Antonio and Alan explored different routes for how to market their system in Puerto Rico.
“At first, we wanted to use it for a parking lot payment system. But we found a bit of resistance here from the parking administrators,” Alan explains. They shifted their focus to gated communities and apartment complexes.
They joined the Generation Four cohort of Puerto Rican incubator program Parallel18 in August. And then, in September, Maria arrived.
“After the hurricane, we had no cell phone communication, we had no Internet, no power. It was really depressing,” Antonio recounts. “Our business needs Internet. It’s an Internet of Things device, so it needs Internet to operate and it needs power. So we were kind of stuck there.”
They pivoted yet again, strategizing how to stay afloat and retain their employees.
“We had to survive,” Antonio says. “The sales cycle for gated communities and apartment complexes can be from four to six months. It takes a lot of time and a lot of meetings and convincing.” But they found that with commercial spaces, the process was faster. “We started selling to co-working places and offices.” One such customer is Parallel18 itself.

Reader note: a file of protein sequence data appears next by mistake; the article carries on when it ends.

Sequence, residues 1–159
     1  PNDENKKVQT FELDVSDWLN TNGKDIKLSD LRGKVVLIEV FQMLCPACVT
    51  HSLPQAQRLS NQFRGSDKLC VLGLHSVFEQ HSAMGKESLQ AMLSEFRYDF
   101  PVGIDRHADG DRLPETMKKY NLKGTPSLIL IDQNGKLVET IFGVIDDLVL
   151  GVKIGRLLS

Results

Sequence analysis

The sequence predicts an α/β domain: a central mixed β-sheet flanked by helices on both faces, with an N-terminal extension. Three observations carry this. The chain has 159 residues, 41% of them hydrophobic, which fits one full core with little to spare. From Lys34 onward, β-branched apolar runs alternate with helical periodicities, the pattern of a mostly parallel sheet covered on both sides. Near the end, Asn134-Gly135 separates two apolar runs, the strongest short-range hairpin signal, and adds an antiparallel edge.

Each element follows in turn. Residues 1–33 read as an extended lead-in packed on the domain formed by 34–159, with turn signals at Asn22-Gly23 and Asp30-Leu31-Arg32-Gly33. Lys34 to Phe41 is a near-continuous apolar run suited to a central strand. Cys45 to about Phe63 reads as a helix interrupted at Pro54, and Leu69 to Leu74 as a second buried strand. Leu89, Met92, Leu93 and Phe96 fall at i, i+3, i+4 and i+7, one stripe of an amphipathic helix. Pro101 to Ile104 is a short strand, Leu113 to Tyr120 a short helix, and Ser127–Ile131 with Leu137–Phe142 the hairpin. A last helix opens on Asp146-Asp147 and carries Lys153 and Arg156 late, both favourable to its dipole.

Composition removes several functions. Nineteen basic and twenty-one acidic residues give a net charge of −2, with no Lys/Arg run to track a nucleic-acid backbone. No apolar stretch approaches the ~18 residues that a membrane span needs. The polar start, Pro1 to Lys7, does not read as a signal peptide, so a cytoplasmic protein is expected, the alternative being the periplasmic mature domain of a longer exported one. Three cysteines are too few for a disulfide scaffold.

Antonio stopped paying himself in order to keep his team on payroll. “We were in survival mode,” he explains. He began working in generator repairs, a service in high demand on the island following Maria.
They weathered the monster storm and its lingering aftermath, and several months later the company was back on its feet. As Parknet started demanding more from Antonio, he wrapped up his generator repair work and went back to it full time.
3D Printing Before Moving to Manufacturing
In the Parallel18 program, Parknet crossed paths with re:3D.
They began using Gigabot to 3D print enclosures for their printed circuit boards, or PCBs. “We can build a box in like, two hours, and we can test it before we send it to the manufacturer,” Antonio explains. “The manufacturer had a minimum of 10 boxes, and if it didn’t work correctly, we were going to waste 10 boxes.”